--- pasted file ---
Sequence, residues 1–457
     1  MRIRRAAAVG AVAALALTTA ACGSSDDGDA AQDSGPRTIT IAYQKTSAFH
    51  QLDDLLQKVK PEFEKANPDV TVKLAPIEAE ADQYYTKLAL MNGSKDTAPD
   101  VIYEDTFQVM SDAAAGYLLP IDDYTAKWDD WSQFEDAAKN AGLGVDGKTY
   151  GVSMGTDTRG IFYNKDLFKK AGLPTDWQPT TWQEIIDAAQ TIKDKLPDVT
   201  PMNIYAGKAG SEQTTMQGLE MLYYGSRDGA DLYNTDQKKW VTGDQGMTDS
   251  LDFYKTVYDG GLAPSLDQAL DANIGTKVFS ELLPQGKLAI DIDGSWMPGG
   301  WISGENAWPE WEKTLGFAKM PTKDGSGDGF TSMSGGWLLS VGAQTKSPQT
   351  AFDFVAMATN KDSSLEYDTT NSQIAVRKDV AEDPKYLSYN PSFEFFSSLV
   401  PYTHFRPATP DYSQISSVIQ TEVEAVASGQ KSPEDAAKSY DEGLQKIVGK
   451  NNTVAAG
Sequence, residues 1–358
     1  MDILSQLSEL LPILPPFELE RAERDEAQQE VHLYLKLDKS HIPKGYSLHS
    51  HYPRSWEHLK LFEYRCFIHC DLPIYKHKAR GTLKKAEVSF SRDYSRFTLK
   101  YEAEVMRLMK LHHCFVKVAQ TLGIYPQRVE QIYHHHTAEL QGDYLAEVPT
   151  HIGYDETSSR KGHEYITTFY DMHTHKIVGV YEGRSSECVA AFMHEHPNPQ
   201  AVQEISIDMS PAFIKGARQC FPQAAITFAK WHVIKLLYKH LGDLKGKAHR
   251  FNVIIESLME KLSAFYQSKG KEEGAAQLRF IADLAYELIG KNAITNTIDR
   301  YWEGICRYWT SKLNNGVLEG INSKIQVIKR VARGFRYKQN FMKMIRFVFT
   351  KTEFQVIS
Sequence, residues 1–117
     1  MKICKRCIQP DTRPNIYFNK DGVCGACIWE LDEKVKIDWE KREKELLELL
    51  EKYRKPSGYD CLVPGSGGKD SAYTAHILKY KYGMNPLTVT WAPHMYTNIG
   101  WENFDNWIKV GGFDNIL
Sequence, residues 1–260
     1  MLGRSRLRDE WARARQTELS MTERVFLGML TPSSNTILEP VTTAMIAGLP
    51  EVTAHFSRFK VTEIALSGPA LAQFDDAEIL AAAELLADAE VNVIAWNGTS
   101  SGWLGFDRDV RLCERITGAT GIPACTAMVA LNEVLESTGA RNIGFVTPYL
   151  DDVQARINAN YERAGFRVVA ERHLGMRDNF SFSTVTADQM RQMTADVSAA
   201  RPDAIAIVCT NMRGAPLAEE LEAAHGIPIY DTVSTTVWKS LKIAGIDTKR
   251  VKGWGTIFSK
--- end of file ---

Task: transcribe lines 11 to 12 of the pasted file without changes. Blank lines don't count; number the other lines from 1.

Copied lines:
   451  NNTVAAG
Sequence, residues 1–358